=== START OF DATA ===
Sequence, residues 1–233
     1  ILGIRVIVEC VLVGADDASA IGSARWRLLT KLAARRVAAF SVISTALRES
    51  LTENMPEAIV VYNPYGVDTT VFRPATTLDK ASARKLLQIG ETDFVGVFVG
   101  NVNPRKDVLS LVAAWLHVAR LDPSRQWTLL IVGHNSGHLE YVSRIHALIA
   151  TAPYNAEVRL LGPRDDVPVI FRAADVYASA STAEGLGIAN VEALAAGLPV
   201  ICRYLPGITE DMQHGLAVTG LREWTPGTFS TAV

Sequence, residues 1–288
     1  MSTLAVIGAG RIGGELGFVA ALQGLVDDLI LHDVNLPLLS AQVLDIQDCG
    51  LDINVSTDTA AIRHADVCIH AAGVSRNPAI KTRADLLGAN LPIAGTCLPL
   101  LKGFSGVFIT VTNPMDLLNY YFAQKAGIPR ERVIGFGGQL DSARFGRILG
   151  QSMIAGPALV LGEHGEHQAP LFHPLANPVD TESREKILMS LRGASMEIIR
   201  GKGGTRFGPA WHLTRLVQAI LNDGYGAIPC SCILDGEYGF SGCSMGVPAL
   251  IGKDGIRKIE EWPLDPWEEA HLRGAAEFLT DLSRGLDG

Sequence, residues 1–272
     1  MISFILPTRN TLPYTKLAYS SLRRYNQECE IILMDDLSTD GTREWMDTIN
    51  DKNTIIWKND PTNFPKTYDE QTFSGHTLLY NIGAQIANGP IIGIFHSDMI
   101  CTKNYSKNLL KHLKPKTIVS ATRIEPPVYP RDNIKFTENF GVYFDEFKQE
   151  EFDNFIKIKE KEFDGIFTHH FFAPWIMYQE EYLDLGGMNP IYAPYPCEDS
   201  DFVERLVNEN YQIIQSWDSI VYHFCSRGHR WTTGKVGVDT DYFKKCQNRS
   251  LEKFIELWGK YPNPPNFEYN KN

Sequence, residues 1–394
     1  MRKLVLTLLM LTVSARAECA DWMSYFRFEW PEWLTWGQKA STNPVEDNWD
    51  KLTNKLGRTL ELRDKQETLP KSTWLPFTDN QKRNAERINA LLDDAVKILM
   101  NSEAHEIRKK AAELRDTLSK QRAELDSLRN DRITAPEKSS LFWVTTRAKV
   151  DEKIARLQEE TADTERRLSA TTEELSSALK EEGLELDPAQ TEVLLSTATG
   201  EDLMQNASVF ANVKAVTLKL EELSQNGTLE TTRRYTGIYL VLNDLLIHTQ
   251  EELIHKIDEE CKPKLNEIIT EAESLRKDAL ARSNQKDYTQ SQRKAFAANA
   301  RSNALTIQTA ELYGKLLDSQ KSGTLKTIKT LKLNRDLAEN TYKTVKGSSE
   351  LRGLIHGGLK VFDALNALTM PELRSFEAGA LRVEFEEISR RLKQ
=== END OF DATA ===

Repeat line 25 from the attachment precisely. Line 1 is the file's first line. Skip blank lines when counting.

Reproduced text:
   151  DEKIARLQEE TADTERRLSA TTEELSSALK EEGLELDPAQ TEVLLSTATG